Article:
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Ever stop to wonder how much water goes down the drain each time you take a shower, throw in a load of laundry or just give your hands a quick wash? For the average U.S. household, the answer is quite staggering: close to 280 gallons (1,060 liters) a day [source: Environmental Protection Agency]. More than half of that can potentially be reused for irrigation in the place of fresh tap water.
After all, why waste all that drinkable water on your yard when dish water will do instead? Why drain your tub directly into the sewer system when there are thirsty plants right outside your door?
That's the idea behind gray water reclamation -- simply getting the most out of your water through reuse.
The water use in most homes has long been thought of in terms of clean white water coming in and sewage, or black water, going out. Gray water, as the name implies, is something in between. By most domestic definitions, gray water is tap water soiled by use in washing machines, tubs, showers and bathroom sinks. It's not sanitary, but it's also not toxic and generally disease free. Gray water reclamation is the process by which households make use of gray water's potential instead of simply piping it into overburdened sewage systems with all the black water.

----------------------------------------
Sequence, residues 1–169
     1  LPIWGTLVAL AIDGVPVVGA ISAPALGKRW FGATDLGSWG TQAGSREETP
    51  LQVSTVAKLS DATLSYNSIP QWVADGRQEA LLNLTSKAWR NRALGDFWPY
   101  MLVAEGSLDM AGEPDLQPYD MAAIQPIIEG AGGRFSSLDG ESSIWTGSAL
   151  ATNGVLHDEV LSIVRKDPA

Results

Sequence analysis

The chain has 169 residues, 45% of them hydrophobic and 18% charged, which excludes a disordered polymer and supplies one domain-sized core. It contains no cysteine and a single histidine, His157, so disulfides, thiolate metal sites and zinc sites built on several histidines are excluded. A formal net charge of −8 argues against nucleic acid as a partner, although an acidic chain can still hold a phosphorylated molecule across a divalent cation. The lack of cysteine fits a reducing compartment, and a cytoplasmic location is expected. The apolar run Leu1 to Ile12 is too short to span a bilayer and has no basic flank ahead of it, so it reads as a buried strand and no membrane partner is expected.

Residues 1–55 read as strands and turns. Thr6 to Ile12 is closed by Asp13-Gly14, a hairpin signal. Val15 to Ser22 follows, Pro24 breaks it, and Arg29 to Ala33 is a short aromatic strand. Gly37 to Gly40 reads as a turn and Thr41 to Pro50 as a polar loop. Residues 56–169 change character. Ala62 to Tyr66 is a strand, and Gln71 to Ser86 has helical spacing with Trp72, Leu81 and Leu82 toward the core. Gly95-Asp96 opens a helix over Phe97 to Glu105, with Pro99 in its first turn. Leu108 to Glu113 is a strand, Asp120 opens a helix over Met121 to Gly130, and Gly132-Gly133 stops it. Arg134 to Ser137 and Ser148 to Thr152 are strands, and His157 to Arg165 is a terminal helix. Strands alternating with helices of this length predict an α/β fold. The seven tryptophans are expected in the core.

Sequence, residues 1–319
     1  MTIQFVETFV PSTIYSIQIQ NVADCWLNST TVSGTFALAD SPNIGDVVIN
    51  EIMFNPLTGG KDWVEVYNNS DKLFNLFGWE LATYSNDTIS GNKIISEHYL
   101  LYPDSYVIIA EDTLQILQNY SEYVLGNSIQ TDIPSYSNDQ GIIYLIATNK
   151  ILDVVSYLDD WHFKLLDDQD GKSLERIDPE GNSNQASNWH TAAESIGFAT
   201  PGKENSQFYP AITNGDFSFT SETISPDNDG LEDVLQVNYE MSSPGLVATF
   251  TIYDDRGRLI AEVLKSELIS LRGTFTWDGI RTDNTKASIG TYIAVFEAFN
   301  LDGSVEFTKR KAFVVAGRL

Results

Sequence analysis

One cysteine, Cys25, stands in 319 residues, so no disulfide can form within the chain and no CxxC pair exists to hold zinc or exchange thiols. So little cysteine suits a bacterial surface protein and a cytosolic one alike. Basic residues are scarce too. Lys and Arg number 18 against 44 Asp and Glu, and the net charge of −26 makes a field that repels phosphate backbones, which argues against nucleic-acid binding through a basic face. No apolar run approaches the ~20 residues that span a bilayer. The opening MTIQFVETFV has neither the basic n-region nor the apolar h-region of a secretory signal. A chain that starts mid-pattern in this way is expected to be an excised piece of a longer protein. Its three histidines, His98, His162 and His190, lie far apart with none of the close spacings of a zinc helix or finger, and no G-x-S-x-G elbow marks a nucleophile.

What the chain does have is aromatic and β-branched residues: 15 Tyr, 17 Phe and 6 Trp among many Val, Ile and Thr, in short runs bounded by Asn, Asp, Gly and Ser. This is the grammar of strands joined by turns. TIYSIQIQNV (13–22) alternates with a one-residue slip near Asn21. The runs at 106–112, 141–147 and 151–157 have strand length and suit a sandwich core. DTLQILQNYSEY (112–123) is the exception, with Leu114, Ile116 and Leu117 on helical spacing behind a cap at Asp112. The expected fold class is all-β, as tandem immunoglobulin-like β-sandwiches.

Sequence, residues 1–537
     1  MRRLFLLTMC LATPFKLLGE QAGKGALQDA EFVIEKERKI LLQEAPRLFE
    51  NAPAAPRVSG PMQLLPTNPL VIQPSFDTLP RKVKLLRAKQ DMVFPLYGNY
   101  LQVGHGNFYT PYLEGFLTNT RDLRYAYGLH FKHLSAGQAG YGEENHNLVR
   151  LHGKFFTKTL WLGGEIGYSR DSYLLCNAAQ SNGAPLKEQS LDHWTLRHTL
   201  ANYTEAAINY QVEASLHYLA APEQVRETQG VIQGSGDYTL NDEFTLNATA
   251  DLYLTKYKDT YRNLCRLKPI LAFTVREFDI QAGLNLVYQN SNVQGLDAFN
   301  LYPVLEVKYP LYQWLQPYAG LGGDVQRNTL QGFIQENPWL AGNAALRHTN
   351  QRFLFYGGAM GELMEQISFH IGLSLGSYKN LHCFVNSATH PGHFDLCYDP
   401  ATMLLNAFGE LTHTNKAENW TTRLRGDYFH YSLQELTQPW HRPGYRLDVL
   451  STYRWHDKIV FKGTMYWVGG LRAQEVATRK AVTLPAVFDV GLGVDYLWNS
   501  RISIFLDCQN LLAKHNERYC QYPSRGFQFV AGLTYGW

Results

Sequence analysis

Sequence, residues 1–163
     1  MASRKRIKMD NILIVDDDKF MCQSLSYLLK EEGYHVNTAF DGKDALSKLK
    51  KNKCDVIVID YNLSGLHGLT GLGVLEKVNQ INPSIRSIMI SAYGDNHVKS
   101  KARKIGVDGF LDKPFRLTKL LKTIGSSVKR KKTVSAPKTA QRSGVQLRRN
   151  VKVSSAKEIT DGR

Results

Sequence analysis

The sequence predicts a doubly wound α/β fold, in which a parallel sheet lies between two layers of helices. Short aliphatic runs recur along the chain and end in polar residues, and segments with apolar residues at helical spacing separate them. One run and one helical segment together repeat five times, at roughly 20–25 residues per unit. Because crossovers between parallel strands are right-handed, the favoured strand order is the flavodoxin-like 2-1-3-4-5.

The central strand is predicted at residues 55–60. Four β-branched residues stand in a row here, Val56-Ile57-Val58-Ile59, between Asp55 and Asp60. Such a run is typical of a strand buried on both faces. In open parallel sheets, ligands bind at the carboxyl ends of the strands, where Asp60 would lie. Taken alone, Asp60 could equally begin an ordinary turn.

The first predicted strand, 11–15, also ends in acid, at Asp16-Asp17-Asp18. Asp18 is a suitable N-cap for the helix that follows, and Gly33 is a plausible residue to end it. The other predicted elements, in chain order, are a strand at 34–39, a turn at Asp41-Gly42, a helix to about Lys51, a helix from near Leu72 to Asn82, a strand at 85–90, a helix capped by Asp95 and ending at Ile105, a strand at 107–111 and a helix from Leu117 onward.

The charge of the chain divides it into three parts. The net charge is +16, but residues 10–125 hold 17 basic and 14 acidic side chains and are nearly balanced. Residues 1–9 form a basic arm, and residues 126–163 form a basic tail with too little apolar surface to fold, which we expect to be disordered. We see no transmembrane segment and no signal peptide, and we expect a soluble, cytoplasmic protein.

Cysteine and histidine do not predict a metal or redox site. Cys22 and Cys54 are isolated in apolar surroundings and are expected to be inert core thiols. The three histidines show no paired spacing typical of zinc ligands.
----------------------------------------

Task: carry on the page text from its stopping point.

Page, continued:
The advantages of gray water reclamation for your wallet include lower water and sewage bills. Additionally, reusing gray water's otherwise wasted nutrients from soap (nitrogen and phosphorous) and food (potassium) can sustain plant life and recharge topsoil. However, recycling gray water requires more effort, brings the risk of contamination and pollution if mismanaged, and adds installation and upkeep costs for more involved systems. Also, gray water should not be used where children or pets may come into contact with it.
So how can the water that goes down the drain after a bath be of any use to plants? Read on to find out.